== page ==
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The social network recruited the firm in September but the partnership fizzled out shortly afterward because of an internal management shakeup. One Edelman executive was quoted as telling Ad Age: “We were asked to present some ideas on how they could engage consumers. We did what we were asked and sort of moved on. It wasn’t material for our (West Coast) operations, let alone Edelman. It would not have been a large account for us or for anyone other than a very small boutique. It was less about money than the opportunity to work with Twitter.”
The professional breakup happened around the exit of Pam Kramer, Twitter’s first vice president of consumer marketing, who left the company in October after working there three months. According to Ad Age, Kramer –who formerly worked with E-Trade — brought on Edelman to do its PR.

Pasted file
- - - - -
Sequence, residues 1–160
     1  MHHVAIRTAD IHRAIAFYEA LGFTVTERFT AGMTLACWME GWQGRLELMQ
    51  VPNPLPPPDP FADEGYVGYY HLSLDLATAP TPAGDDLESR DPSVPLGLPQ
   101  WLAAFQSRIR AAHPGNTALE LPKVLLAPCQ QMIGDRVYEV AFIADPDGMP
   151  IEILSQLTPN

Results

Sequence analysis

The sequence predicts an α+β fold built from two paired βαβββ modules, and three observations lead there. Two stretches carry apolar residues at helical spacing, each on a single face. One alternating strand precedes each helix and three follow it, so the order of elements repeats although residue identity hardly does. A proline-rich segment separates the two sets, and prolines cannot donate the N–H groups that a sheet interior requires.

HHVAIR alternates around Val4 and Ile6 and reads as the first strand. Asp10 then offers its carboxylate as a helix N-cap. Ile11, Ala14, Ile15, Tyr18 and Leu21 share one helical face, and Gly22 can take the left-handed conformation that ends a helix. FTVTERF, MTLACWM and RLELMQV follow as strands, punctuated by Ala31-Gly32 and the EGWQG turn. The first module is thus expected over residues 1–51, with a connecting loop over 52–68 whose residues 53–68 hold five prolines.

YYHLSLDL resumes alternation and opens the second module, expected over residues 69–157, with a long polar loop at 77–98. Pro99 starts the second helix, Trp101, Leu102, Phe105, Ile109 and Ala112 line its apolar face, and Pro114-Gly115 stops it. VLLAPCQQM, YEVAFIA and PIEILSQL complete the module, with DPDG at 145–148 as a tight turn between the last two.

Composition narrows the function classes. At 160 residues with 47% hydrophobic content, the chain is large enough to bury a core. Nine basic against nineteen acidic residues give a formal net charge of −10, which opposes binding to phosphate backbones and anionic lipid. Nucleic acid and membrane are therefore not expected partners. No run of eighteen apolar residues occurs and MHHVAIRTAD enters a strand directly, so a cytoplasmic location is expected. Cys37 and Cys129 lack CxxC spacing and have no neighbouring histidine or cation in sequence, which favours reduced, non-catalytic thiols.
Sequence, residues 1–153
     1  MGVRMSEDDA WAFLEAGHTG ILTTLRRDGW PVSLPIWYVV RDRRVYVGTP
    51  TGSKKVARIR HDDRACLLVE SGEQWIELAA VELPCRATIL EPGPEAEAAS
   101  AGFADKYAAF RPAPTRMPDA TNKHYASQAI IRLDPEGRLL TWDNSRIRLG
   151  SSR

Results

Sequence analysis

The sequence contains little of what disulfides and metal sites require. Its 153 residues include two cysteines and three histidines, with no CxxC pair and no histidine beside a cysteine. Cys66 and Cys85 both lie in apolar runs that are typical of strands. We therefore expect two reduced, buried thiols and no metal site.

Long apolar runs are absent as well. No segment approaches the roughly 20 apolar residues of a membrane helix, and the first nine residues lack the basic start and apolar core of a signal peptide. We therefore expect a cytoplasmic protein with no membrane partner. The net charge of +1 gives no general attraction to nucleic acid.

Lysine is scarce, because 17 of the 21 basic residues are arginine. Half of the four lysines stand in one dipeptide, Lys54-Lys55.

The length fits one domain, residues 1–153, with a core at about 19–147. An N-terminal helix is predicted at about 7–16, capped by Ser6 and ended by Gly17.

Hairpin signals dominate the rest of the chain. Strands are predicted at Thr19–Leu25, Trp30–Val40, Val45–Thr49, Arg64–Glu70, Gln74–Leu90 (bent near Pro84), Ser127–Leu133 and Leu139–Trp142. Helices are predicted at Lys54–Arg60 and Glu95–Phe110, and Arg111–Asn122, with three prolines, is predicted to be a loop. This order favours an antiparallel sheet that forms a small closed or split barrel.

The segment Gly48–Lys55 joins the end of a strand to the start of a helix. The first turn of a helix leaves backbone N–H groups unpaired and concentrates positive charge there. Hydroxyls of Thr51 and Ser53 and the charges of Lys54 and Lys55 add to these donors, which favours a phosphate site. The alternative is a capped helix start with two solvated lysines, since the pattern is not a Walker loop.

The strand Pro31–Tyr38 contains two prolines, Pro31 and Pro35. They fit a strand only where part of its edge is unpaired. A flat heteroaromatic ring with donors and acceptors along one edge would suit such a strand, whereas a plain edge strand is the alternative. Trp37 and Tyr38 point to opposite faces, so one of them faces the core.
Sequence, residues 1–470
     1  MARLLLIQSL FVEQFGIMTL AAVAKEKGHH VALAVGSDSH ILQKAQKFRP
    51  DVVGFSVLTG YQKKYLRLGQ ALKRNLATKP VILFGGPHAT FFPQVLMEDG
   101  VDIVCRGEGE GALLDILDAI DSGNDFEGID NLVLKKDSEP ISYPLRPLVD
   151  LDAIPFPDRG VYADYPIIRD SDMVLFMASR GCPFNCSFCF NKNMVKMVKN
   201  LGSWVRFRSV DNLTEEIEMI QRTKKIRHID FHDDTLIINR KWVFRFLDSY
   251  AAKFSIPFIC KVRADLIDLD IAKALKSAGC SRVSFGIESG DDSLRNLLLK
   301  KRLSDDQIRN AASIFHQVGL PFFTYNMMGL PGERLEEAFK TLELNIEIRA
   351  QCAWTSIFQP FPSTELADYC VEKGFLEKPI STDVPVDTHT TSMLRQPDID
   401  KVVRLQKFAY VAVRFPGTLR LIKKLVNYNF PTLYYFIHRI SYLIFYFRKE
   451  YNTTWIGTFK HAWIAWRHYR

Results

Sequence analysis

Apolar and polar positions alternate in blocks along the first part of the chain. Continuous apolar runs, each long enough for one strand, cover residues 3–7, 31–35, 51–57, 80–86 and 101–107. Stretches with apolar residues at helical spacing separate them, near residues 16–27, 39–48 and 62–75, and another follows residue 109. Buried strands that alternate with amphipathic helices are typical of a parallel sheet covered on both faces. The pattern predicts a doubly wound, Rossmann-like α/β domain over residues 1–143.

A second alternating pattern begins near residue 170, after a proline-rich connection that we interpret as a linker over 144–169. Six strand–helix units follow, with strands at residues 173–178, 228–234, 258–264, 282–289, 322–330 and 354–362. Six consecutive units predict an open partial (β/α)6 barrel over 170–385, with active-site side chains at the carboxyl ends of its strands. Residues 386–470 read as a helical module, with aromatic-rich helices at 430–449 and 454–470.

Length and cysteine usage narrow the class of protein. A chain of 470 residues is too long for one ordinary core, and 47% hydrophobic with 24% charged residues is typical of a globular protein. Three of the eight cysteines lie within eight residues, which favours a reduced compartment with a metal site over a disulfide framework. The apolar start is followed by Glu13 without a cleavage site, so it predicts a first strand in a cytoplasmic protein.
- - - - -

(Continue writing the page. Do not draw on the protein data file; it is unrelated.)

“It doesn’t appear that Twitter intends to replace Edelman, which prompts the question of whether the company needed a big PR firm in the first place,” writes Alexandrea Bruell. “It has 100 million global users and is likely mentioned thousands of times daily in press reports worldwide, so the notion that it needs assistance seems unlikely.”
Last week, Saudi billionaire Prince Alwaleed bin Talal, the second largest investor in Rupert Murdoch‘s News Corporation, took a $300 million stake in the micro-blogging site. “Our investment in Twitter reaffirms our ability in identifying suitable opportunities to invest in promising, high-growth businesses with a global impact,” Alwaleed, who runs the investment firm Kingdom Holding Company (KHC), said in a statement at the time.
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